Regional Impacts on Energy Demands from a Changing Climate in Coastal California Environments
J.E. Gonzalez, Santa Clara Univ., Santa Clara, CA; and B. Lebassi, R. D. Bornstein, H. Taha, and R. D. Van Buskirk
Analysis of 35 years observed trends in summertime daily maximum and minimum temperatures in two non attainment California air basins showed coastal cooling and inland warming. To study the impact of these results on the energy consumption we analyzed the summertime cooling degree days (CDD) and winter time heating degree days (HDD) of California long term observed temperatures. In this research historical surface 2-m air temperature data analyses consist of long-term data records, from 159 locations in California, each with data period of 1970-2006 of daily average, minimum, and maximum data records. The primary sources of such data include the cooperative network, first order National Weather Service stations, and military weather stations. Analysis of the CDD/HDD has been undertaken for California in general and in the SFB and SoCAB in particular, under regional climate change conditions. Regional climate fluctuations have bigger effect on surface temperatures, which in turn affects the CDD and HDD. It has been observed that there has been an asymmetric increase of CDD between the coast and inland regions of California during the last 35 years, while the winter time HDD showed decreases in most of California. In general coastal areas experienced historical decrease of CDD while inland regions experienced increases in CDD. The summer time asymmetric increases in CDD is attributed to the sea breeze flows, which suggest an increase of the cold marine air intrusion due to the increase of the regional sea breeze potential, which naturally ventilates the coastal areas and mild the maximum temperatures, which contribute to the CDD decreases.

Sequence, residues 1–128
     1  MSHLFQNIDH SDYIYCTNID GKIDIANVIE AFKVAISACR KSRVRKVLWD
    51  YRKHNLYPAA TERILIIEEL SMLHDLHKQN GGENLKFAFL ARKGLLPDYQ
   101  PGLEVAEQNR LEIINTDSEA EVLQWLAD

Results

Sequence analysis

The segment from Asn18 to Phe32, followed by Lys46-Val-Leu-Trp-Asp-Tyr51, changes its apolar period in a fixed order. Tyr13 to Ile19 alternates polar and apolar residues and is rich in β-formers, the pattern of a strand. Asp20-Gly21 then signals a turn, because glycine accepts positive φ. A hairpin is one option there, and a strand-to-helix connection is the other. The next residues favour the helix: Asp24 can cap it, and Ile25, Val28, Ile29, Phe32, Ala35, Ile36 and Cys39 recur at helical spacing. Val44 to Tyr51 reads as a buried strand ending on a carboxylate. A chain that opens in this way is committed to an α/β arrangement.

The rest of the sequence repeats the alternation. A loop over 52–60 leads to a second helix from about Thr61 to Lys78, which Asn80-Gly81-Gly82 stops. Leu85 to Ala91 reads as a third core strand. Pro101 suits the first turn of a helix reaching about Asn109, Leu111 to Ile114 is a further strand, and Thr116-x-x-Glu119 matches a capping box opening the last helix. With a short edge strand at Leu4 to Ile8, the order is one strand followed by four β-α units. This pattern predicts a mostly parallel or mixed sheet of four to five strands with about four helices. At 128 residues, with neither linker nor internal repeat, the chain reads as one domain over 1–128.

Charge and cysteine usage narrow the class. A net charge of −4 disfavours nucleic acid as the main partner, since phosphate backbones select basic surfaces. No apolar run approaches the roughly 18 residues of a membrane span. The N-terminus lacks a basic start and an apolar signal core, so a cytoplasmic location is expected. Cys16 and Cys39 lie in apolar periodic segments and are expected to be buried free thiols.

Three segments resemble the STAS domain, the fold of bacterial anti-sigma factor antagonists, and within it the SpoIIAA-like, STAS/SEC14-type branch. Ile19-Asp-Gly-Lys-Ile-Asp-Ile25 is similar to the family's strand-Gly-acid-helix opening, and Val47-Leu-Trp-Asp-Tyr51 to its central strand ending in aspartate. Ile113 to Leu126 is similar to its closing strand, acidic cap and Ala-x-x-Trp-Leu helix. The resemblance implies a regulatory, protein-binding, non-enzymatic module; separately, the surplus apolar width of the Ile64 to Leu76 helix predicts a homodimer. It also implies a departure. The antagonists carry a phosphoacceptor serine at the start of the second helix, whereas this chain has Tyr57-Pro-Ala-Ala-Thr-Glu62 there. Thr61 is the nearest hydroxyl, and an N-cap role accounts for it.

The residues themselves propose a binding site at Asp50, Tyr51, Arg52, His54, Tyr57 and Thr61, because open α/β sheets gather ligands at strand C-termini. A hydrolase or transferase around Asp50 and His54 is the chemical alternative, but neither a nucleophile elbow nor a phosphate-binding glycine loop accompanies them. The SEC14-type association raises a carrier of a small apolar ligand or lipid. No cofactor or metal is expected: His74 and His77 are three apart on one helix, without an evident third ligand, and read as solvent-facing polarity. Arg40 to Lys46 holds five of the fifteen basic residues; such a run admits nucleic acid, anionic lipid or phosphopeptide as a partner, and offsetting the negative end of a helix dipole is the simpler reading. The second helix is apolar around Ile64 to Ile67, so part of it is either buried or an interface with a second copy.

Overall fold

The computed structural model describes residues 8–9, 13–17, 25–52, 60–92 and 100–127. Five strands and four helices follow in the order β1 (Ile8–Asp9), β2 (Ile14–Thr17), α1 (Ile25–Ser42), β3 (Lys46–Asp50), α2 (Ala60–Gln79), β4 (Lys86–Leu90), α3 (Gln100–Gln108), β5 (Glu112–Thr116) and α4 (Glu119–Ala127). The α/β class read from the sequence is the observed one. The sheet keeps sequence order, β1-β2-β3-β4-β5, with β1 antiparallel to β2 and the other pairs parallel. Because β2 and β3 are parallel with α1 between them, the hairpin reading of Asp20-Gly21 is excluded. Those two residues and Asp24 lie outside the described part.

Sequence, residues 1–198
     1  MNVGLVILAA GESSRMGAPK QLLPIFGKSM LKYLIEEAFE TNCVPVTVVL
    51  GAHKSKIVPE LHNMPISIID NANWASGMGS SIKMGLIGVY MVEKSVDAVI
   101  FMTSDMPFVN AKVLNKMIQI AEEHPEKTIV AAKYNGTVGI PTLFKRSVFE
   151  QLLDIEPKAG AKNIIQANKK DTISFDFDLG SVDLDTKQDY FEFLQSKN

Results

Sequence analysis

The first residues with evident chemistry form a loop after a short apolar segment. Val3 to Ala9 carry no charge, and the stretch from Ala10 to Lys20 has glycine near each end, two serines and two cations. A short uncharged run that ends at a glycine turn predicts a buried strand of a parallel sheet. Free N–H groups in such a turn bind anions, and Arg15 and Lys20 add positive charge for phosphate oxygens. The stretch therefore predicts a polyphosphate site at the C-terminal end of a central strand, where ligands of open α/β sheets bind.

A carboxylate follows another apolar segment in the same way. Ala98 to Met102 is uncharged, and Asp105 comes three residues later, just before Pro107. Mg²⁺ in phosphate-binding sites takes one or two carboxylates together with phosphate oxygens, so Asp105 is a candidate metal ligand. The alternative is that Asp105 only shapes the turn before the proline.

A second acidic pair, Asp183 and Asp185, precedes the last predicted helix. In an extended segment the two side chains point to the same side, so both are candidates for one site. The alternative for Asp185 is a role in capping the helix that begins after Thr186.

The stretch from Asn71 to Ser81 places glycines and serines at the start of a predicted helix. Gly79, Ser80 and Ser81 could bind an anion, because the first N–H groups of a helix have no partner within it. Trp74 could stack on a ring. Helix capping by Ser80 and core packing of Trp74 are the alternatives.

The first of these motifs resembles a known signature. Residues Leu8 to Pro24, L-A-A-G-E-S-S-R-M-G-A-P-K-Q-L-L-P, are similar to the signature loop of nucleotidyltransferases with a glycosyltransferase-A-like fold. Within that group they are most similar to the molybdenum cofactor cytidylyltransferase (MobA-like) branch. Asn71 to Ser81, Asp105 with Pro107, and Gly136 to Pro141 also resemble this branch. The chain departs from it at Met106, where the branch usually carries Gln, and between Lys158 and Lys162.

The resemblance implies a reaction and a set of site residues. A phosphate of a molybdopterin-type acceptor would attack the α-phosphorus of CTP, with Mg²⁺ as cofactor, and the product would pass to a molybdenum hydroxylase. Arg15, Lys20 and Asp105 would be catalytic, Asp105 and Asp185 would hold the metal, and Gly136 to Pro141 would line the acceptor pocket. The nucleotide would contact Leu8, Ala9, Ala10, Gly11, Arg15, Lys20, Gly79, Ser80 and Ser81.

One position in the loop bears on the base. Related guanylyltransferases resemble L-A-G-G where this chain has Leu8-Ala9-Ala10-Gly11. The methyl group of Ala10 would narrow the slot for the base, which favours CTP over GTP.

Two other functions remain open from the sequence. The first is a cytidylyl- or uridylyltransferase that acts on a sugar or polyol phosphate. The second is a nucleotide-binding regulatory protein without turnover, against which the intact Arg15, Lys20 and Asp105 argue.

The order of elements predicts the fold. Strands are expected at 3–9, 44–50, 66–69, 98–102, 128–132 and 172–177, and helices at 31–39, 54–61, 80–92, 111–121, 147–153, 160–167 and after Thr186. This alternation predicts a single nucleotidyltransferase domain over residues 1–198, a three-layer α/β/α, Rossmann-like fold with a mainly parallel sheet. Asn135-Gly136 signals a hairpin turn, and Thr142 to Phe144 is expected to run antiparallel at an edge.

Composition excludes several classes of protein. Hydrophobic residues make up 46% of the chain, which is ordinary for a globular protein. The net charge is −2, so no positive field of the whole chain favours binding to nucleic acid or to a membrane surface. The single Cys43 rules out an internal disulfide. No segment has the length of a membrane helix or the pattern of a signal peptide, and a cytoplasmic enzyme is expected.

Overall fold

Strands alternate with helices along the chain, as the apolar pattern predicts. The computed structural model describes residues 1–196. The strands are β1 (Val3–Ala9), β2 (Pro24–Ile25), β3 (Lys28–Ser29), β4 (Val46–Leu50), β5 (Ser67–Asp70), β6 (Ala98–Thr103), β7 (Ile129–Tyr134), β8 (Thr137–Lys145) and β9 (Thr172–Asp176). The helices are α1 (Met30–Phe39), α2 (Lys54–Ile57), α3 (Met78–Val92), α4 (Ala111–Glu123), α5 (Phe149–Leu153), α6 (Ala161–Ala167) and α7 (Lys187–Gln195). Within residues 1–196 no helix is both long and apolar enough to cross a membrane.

Joint Session 21, Weather and Climate in Coastal Urban Areas—I
Thursday, 15 January 2009, 8:30 AM-9:45 AM, Room 126A
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